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Normally I'm exclusively a jeans/denim man no matter the weather: Comfortable, cheap, reasonably durable, can wear with anything, acceptable in conservative destinations, can get away with periods of not washing, available to purchase everywhere.

But now I need you my fellow experts to tell me what to wear instead when walking or hitchhiking vast distances in hot climates.

I've been known to walk up to thirteen hours straight carrying all my stuff (currently about 30kg). I don't mind the workout and I sleep like a baby afterwards no matter where I end up.

But in hot summer weather sweat can be prodigious! To the point of destruction of the jeans followed by the inevitable chafing, which does not make the walking more pleasant.

So please, what should I look for to wear instead of jeans to prevent this condition while still having as many benefits I listed in the opening paragraph?

(Please no expensive name brands.)

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I thought all Australian tourists were legally required to wear only Billabong? –  Ankur Banerjee Aug 21 '12 at 9:22
    
@AnkurBanerjee: That may well be, which only points to me not being a tourist I suppose d-: –  hippietrail Aug 21 '12 at 18:05
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Related question on outdoors.SE: What makes nylon an effective material for hiking pants? –  hippietrail Aug 30 '13 at 12:28
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1 Answer

up vote 3 down vote accepted

Lightweight synthetic hiking trousers are designed to allow a comfortable range of motion and to wick away sweat, while still offering some protection against the sun and minor scratches.

Even if not hiking in the back country, they have features that make them excellent travel garments, such as

  • multiple deep mesh pockets where you can store your map, camera, and so on. Unlike street clothes, these will usually provide a means to seal them such as Velcro or a zipper, providing additional protection against pickpockets as well as ordinary loss.
  • thin synthetic fabric construction, for some water resistance and comfortable stretching. Many come with treatments for additional protection against UV radiation. They can be impregnated with permethrin to repel insects. Perhaps more importantly, they can be washed with bar soap in a hostel sink, and in warm weather will dry in just a few minutes. Cotton laundry is much bulkier and in humid conditions may still be damp after drying overnight.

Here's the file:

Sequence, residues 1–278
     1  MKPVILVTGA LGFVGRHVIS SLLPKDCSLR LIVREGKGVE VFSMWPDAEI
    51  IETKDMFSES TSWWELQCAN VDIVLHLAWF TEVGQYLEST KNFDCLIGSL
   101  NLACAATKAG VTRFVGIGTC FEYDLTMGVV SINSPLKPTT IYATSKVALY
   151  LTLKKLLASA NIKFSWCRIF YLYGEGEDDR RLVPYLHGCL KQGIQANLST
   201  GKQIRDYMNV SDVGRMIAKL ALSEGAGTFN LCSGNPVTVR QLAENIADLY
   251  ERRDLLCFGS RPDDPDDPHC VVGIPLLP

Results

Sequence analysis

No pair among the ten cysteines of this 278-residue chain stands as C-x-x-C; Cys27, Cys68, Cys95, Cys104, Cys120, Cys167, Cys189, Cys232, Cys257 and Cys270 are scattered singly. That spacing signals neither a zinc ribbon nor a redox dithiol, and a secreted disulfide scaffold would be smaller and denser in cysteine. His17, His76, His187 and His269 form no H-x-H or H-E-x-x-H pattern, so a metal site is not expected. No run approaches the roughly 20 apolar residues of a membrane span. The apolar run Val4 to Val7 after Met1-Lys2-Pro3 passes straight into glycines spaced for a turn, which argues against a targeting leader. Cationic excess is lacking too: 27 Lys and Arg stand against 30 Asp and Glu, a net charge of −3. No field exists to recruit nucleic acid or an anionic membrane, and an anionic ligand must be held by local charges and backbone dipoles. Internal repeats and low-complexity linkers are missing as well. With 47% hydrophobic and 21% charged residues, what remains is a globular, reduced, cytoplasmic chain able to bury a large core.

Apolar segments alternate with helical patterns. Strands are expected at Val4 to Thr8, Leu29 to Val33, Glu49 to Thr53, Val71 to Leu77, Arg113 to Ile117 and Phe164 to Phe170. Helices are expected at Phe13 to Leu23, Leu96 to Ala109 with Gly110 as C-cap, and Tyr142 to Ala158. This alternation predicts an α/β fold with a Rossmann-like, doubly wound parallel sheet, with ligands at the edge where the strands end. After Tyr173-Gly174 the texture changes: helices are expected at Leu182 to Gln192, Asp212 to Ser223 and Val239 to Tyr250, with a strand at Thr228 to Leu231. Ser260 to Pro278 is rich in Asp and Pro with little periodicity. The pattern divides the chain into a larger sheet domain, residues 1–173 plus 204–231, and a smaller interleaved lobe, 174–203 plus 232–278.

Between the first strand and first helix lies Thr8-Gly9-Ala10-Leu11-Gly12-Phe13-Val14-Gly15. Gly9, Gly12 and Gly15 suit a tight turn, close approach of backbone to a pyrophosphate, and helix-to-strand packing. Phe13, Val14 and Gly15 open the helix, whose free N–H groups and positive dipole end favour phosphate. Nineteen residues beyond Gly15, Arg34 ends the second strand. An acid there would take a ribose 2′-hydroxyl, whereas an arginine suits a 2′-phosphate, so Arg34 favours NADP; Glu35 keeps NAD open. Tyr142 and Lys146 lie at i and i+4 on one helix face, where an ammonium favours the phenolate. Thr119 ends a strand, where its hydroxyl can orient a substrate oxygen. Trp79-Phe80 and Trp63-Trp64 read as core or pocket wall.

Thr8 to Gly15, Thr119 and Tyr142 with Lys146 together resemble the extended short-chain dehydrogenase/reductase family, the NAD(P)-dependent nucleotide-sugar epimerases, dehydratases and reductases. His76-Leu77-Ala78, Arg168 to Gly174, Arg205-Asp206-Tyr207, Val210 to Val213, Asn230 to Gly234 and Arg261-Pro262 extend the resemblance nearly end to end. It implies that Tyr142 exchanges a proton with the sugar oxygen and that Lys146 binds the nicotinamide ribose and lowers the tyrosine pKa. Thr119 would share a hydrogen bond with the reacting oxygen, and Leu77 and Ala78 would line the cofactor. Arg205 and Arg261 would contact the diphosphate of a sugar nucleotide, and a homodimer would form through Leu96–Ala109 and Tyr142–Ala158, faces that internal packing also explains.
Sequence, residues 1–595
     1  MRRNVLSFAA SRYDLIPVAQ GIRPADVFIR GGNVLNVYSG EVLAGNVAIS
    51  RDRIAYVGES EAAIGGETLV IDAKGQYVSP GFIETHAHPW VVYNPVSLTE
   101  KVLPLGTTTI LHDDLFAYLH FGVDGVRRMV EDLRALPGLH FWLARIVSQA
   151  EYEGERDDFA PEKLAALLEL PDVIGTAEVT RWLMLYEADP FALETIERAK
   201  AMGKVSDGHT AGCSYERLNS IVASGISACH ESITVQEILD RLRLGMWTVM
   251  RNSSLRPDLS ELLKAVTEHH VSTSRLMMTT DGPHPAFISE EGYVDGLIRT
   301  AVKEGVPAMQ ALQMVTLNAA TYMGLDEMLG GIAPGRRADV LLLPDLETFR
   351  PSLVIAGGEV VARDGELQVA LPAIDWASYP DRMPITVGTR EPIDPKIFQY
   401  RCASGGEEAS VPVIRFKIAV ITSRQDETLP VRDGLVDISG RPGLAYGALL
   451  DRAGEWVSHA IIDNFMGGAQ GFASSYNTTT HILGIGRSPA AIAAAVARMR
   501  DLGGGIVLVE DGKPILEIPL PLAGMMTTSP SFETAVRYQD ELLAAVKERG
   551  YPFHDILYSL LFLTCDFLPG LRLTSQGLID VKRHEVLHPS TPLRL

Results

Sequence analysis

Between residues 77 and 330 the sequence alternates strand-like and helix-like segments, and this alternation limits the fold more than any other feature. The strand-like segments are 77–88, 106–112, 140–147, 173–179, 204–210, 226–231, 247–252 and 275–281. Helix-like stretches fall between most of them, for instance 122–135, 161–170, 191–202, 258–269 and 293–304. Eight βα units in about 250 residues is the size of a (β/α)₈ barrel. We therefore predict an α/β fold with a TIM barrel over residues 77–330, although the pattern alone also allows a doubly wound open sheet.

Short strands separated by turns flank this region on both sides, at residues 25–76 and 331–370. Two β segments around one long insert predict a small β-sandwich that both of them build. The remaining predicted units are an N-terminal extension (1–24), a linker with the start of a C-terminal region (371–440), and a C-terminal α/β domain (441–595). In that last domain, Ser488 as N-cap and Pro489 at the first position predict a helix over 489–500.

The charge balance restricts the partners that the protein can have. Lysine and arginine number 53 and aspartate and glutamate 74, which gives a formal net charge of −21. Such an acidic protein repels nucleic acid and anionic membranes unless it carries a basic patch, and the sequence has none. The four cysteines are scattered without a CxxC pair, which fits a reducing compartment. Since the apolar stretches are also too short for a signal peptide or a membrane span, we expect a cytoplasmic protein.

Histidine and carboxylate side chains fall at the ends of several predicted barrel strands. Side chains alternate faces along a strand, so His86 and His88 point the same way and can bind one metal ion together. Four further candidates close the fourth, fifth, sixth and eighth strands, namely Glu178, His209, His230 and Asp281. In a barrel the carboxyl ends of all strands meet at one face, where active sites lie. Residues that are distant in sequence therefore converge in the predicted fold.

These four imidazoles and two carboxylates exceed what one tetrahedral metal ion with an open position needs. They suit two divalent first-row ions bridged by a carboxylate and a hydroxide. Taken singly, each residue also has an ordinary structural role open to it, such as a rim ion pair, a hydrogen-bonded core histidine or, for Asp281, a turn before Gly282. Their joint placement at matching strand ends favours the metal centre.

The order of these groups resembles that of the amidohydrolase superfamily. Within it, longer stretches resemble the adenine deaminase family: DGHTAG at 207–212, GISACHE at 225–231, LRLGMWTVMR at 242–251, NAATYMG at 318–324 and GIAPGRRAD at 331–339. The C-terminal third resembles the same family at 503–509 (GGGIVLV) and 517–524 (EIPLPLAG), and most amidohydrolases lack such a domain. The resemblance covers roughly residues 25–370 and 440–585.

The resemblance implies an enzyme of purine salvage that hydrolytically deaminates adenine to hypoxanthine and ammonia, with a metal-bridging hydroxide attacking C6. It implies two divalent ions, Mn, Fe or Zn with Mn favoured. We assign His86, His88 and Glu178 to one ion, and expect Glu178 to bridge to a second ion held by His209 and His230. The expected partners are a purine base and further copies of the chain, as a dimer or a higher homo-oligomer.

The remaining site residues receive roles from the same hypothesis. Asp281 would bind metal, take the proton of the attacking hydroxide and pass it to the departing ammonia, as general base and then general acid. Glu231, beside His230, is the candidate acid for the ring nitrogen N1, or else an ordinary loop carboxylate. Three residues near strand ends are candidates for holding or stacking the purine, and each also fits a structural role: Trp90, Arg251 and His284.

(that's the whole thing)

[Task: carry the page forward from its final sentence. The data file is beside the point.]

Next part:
• built-in belt or straps, negating the need to carry a belt

Some have side zippers to allow for faster changing, and ankle zippers for easier shoe/sock changing. Some have reflective stripes which are invisible in daylight but shine brightly in headlights for better visibility after dark.

Most are polyester or nylon twill, and around where I live in the U.S., they sell for around the same price as a pair of jeans ($50), though you can find them on closeout for far less from the major outdoors retailers.

There are a variety of styles and colors, as you can see from these links to several major US retailers:

Jeans, it must be said, are some of the worst clothes for extended physical activity. Denim absorbs moisture readily, becoming heavy and clammy. They hold moisture against the skin leading to chafing and blisters, as you noted. They are slow to dry, and as every Boy Scout knows, "cotton kills" in the wilderness in anything except the daytime desert. When I will be doing anything more than walking from a hotel room to a convention center on a trip, the only cotton clothes I bring are some T-shirts. Everything else— socks, underwear, jackets, etc.— is at least a synthetic blend, particularly when the weather will be warm or cool.

Shorts can work for some people in some situations, but you expose yourself to sun and to insects, and some people chafe their inner thighs after extended walking in shorts. Moreover, they are not culturally appropriate in much of the world; you could be denied admission to royal facilities and religious sites, at the least.

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Awesome answer thanks - very informative. But now I'm wondering what they look like. Do you have references for some? Pictures or links to some kind of shop/store that sells them? I'd be looking for them somewhere like Eastern Europe or Turkey or when I get home to Australia so I'm not sure where to shop for them. –  hippietrail Aug 24 '12 at 19:44
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@hippietrail I added a few links to the answer; I'm sure Paddy Pallin and Kathmandu in Australia among others would offer the same products or at least the same brands. I do not have any particular of either to recommend, but I find the REI reviews to be the most useful. –  choster Aug 25 '12 at 3:52
    
Ouch those are the kinds of expensive name brands I was hoping to avoid but I guess I can look at their stuff then know what I'm looking for in generic brand stuff. Possibly Quechua might have something of this type here in Romania? They seem to have pretty reasonable quality outdoor stuff at pretty reasonable prices. –  hippietrail Aug 25 '12 at 11:17
    
I didn't ever manage to find any cheap generic equivalents on my last trip to Eastern Europe and I'm not managing to find any on this trip to Southeast Asia either )-: Tons of cheap clothes in the street markets but it all seems to be cotton. –  hippietrail Aug 30 '13 at 12:12
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